Yeah, it turned out to be a quiet night, at least after the twin moreporks and squawking kiwis found something else to do.

Clear sky in the darkness when I finally got up, pre-6 am, having been horizontal for about 10 hours.

The idea is to leave early, and hopefully score another entrée of blue mussels for dinner, but for that the tide needs to be right.

It’s hard to believe that people once attempted to farm this infertile and wet soil. Well, they set cattle loose but it can’t have been much fun for them either. This would have been quite remote in the 1920s, with often grim weather, and plenty of sandflies at times.

The nine macrocarpa trees immediately outside the hut are the most prominent legacy, and the few old bridge piles remaining alongside the newer DOC bridge over the Rakeahua River. I guess the area that is now manuka regrowth was once cleared to allow some grass. The soil is damp, and the ground quite swampy.

The things people choose to do.

After a biggish day yesterday I’m choosing to head for Freds.

On Day 13 I’m getting to the point where my enthusiasm for tramping with its hardships and austere rations is starting to wane.

I spoke to the local guy on Day 9, now four days ago, and I shared a hut for the night 12 days ago.

Solitude is all very well, but now it’s getting time to reacquaint myself with the world.

I had those nine days on the South Coast Trail with little human contact immediately prior to this, and have now spent 19 days seriously walking out of the last 24. My body is feeling the strain, mostly in the mornings and evenings.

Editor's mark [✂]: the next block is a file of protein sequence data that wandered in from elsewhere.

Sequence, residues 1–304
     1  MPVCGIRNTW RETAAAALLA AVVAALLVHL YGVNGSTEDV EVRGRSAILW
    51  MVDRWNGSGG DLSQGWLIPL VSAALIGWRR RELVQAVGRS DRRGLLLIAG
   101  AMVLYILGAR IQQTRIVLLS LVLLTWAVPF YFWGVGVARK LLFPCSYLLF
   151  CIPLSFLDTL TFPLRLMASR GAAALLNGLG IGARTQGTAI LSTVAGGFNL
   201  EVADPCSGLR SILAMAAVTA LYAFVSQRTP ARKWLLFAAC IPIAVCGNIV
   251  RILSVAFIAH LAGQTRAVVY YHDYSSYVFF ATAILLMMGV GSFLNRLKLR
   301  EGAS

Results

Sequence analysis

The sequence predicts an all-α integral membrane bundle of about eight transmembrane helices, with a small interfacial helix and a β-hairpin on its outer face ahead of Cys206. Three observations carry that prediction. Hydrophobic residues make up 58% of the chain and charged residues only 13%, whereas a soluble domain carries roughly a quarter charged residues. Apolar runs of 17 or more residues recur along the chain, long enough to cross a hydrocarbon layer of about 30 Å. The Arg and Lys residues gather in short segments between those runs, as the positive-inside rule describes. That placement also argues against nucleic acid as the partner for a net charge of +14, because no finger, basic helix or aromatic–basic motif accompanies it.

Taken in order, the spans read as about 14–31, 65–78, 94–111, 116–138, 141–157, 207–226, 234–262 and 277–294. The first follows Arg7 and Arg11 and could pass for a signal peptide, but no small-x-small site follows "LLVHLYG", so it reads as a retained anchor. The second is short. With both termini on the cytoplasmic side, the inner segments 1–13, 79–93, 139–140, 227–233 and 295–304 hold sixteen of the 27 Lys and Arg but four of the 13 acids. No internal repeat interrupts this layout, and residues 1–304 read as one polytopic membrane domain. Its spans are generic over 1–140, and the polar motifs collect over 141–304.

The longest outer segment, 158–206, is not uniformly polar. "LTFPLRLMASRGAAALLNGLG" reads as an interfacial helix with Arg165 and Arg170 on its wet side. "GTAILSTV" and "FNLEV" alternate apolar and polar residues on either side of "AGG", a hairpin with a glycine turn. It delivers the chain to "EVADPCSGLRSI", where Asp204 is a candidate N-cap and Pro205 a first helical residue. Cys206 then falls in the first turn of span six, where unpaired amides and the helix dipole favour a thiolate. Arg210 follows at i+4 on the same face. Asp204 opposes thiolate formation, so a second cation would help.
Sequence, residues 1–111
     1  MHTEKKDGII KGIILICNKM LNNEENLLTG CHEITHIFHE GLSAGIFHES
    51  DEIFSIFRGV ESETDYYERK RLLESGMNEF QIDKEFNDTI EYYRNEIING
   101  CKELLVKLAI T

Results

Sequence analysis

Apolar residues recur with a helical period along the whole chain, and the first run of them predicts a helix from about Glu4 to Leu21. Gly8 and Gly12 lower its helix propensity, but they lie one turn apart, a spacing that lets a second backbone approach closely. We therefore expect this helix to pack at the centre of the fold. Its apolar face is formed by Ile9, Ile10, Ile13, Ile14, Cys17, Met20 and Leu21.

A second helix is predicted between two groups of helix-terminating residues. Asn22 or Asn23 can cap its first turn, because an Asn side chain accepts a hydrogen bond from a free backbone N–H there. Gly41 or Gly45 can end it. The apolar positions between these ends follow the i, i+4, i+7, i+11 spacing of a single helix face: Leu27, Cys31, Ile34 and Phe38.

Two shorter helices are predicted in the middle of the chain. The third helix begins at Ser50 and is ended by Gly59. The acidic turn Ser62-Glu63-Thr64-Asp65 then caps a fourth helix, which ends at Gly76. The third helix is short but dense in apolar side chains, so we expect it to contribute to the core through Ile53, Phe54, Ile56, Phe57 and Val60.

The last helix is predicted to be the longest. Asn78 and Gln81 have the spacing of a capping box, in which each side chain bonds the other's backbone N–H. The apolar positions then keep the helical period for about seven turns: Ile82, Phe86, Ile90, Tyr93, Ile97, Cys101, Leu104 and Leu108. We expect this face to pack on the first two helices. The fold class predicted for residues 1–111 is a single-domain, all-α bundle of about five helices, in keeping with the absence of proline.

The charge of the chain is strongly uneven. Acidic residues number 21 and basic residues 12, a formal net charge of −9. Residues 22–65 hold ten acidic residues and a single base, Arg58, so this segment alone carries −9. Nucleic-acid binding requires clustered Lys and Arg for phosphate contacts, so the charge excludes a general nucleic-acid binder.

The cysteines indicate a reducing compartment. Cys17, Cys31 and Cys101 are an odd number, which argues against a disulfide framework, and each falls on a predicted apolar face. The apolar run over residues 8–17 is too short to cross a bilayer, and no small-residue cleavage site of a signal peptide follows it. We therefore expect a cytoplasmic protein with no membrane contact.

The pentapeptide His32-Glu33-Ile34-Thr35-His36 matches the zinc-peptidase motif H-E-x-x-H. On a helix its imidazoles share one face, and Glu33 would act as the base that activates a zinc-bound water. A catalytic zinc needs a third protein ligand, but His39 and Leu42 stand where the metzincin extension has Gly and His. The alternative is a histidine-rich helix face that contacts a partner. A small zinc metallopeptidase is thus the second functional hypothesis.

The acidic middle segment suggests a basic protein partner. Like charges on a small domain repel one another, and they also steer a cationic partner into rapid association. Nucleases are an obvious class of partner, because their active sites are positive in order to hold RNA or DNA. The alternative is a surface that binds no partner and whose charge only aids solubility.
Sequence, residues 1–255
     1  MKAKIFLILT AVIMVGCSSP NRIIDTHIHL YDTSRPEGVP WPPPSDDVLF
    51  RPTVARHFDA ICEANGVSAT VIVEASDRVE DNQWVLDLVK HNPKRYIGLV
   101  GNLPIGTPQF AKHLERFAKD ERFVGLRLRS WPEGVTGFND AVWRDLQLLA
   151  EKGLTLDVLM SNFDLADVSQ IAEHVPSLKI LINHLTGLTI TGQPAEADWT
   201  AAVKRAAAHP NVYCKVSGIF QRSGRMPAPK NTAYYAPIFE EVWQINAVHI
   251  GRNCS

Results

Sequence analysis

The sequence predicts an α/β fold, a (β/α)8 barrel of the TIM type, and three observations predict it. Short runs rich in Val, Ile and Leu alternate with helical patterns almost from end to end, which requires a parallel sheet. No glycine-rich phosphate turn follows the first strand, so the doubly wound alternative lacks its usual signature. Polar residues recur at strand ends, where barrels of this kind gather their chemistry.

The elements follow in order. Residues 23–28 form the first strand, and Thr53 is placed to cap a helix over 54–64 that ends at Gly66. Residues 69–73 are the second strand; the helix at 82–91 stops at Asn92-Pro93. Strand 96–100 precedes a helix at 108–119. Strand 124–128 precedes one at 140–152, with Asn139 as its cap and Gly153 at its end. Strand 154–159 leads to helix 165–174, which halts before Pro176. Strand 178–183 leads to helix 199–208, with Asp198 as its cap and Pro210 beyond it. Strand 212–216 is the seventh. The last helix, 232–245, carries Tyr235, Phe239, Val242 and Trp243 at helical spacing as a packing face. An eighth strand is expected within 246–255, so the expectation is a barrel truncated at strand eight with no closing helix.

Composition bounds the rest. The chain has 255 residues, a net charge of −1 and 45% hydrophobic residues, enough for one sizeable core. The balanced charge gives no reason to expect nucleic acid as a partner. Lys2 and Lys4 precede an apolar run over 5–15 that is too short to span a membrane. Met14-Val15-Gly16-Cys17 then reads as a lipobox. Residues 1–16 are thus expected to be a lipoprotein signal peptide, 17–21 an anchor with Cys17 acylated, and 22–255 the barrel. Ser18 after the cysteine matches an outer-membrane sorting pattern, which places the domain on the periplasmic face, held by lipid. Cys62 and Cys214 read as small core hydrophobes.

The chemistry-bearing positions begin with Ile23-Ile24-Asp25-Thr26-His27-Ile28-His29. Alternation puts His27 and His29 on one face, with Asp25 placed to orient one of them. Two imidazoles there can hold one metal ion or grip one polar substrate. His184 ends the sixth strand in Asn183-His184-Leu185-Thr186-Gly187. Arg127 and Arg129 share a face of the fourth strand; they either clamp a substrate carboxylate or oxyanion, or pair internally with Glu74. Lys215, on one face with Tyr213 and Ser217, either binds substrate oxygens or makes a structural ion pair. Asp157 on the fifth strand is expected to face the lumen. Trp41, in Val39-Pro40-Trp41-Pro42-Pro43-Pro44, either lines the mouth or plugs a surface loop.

Hills don’t matter much anymore, particularly with the tide level going down in my pack. It’s lost 12 days’ food, and that has to be close to 10 kg.

My current thought is one night at Freds, another Freshwater, and then with limited food remaining just powering all the way out.

In a nice touch I decided to light the fire last night. A chainsaw had cut up plenty of manuka and I took some from the pile. I kinda feel I have some good karma from Doughboy and other huts along the way in the Firewood Department.

Matches? None in the hut.

I resorted to my second Christmas present from last year from a friend, a neatly wrapped box of matches that I had never needed until now.

Here’s the thing. They were in a decorative box, despite illustrations not always required when fire lighting.

Smile? For sure.

They had a picture of a red-crowned parakeet on the box. How’s that for appropriate? I’ve been hearing them on a daily basis, and seeing them now and again.

Probably my favourite New Zealand bird, almost tui-sized, ie, bigger than you might think, and Rakiura is one of the last strongholds of their endangered existence on the planet. Thanks gal. You must know me more than I thought you did.

Another five hour walk, except today I could say it’s only five hours.

More swamp to start, including one really bad section.

Rakeahua Hut is water taxi territory so few people walk the section. But even fewer bother with the crossing of Freshwater Plain that I’ll be attacking tomorrow.

As it turned out the bog lasted an hour and a half, and had its moments. Luckily from there the track gets into the forest, and is quite a lot easier walking, usually.

But despite a few drops this morning there’s been little actual rain since I’ve been on the island, or for that matter on the South Coast Track immediately before. Much of the bog was reasonably firm, except where it wasn’t. Only one spot where I went up to the top of my gaiters, but nothing managed to get into my boots. My gaiter/overtrou combo is working well.

Not much wildlife seen. Feathers of a dead parakeet, and half a rat. Some sign of kiwi, but none seen.

No surprise there was no one at Freds Hut, although that may be different at Freshwater tomorrow night.

The tide was low when I arrived in the late afternoon, and the blue mussels of been proliferating. Now that’s a great entrée.

I’m getting somewhat sick of my de-hi food even if I prepared it myself.

Also a little of my own company.

Thought I was smelling like a wet dog, but now realised it was more like a dead dog.

Civilisation can’t come soon enough. And I never thought I’d be saying that.

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